What influences how long a ferret remains in the shelter before it finds a new home? Obviously appearance (albino prejudice is very common), age, health and behavior issues are going to be factors. Two issues that are less evident are whether or not a ferret is part of an established pair and whether or not a ferret likes other ferrets. This article is intended to encourage you to consider adopting one of these types of harder-to-adopt cases the next time you are in the market for an addition to your ferret family.
Impulse buyers don't seem to mind splurging on a pair of ferret kits, and pet stores encourage the concept that "they do best in pairs", which result in a large percentage of ferrets arriving at shelters in groups. Lots of people want to adopt one or the other of various pairs of ferrets, but aren't interested in them as a set. For example, CFN gets lots of emails stating, "I want to adopt Zest" or, "Is Zinc still available for adoption?", but once I explain that Zest and Zinc are an established pair, I never hear from them again. Even people that are willing to adopt a pair reject wonderful sets of ferrets because one or the other of the pair is the wrong color, too old, or has some sort of health issue and instead pick two single ferrets rather than an established pair. CFN gives a discount on the adoption fees of established pairs to encourage people to choose them rather than "mixing and matching" single ferrets.
Most people want to adopt a single ferret either because they want a friend for the one they already have (which they purchased from a pet store before they knew about shelters) or because it is their first ferret and they are worried about taking on more than a single ferret at the beginning. For first time ferret owners, a pair of ferrets takes no more work or adjustment to your routine than a single ferret. Although two ferrets will consume twice as much food and require double the cost of vet care, the additional ferret takes little extra time to care for because both ferrets share the same cage, litter pan, food and water, and of course, your time and attention, but they give back much more than double the fun and love. If you need a friend for the ferret you already have, consider adopting a pair instead of a single ferret. Some authorities recommend three ferrets as the ideal number because when one of the three dies, there is still someone around to keep the other company, avoiding the depression some ferrets go through with the loss of a cage-mate.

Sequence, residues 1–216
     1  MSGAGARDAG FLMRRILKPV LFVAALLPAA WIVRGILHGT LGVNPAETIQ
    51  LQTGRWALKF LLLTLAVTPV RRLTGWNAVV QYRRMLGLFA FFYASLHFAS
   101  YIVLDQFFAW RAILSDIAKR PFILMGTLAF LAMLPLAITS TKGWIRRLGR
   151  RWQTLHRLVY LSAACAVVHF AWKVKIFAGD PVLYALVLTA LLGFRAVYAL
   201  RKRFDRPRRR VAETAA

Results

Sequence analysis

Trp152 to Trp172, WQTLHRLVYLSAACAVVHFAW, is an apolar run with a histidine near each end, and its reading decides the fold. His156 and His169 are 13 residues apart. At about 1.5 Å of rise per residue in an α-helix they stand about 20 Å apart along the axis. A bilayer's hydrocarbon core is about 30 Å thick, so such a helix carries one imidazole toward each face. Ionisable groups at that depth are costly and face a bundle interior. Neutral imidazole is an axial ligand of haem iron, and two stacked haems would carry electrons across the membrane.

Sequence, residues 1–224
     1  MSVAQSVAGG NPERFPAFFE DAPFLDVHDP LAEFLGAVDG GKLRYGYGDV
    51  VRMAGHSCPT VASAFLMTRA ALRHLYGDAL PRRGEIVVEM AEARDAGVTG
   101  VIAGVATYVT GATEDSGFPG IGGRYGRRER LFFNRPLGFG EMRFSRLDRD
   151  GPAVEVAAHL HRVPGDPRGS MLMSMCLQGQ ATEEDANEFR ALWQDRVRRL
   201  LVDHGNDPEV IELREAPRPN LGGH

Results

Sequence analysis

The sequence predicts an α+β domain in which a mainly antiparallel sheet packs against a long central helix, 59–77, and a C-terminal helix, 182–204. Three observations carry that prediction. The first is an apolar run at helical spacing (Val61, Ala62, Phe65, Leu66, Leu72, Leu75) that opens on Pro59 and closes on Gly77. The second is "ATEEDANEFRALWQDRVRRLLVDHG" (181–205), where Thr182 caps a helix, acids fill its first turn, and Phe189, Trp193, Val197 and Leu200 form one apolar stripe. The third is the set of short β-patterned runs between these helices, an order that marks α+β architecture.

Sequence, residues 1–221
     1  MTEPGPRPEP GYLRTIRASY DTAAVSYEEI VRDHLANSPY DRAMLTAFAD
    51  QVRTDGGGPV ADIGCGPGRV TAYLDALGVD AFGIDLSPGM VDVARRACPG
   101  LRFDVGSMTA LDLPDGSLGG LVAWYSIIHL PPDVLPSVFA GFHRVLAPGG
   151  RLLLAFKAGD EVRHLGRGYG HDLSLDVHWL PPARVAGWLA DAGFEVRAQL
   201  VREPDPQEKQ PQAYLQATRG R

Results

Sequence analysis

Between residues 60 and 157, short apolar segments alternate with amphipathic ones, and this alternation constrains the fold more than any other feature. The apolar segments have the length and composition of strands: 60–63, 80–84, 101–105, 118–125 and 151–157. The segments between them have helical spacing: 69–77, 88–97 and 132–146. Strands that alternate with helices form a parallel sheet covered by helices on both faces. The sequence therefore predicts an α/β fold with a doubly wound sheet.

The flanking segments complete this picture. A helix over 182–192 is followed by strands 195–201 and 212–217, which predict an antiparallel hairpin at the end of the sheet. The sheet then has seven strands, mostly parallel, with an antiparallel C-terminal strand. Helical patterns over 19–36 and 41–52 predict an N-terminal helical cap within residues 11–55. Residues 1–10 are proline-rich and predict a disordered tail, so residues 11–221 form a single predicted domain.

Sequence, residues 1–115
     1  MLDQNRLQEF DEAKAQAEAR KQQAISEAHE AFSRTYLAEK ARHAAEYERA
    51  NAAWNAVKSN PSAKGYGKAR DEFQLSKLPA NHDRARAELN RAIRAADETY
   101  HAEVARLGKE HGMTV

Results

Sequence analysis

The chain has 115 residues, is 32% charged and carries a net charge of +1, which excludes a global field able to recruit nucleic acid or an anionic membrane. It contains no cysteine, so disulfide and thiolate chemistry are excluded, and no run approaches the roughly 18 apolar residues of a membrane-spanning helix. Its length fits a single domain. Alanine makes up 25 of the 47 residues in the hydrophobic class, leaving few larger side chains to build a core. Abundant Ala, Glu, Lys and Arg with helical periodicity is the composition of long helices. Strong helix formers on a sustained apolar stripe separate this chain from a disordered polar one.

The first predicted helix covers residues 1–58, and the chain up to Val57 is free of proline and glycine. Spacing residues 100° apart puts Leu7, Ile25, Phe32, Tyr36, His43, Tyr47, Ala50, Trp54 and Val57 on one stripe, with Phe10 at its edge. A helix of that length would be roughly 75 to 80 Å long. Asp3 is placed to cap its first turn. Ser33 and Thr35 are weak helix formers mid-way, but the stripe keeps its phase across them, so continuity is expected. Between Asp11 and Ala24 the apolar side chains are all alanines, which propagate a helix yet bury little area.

Even long-term, multiple-ferret households seem to acquire their ferrets one at a time. Why not add more than one ferret that are in extra need of a good home? Many ferret pairs available for adoption through the CFN already live and play in larger groups, so chances are great that they'll easily work in with your existing group. The new ferrets will also have one another for reassurance during the adjustment period in their new home.
Of course some ferret(s) simply refuse to accept new additions, in which case the owners have the option of creating a multi ferret group household, where each group of ferrets gets out on its own. The hardest to adopt ferrets, whether single or in pairs, are those that don't accept other ferrets. (You are a true ferret advocate if you have multiple ferret groups). Two ferret groups means two complete cage setups and an extra set of play periods each day, but the costs and care are about the same as for a larger single ferret group with the identical number of ferrets. This situation is more work, but you get multiple sets of appreciative ferrets demanding your attention. Even though it takes extra effort, you are doing something extra special for the shelter and the ferret(s) when you knowingly adopt hard-to-place individuals, they will reward you twice over for your generosity!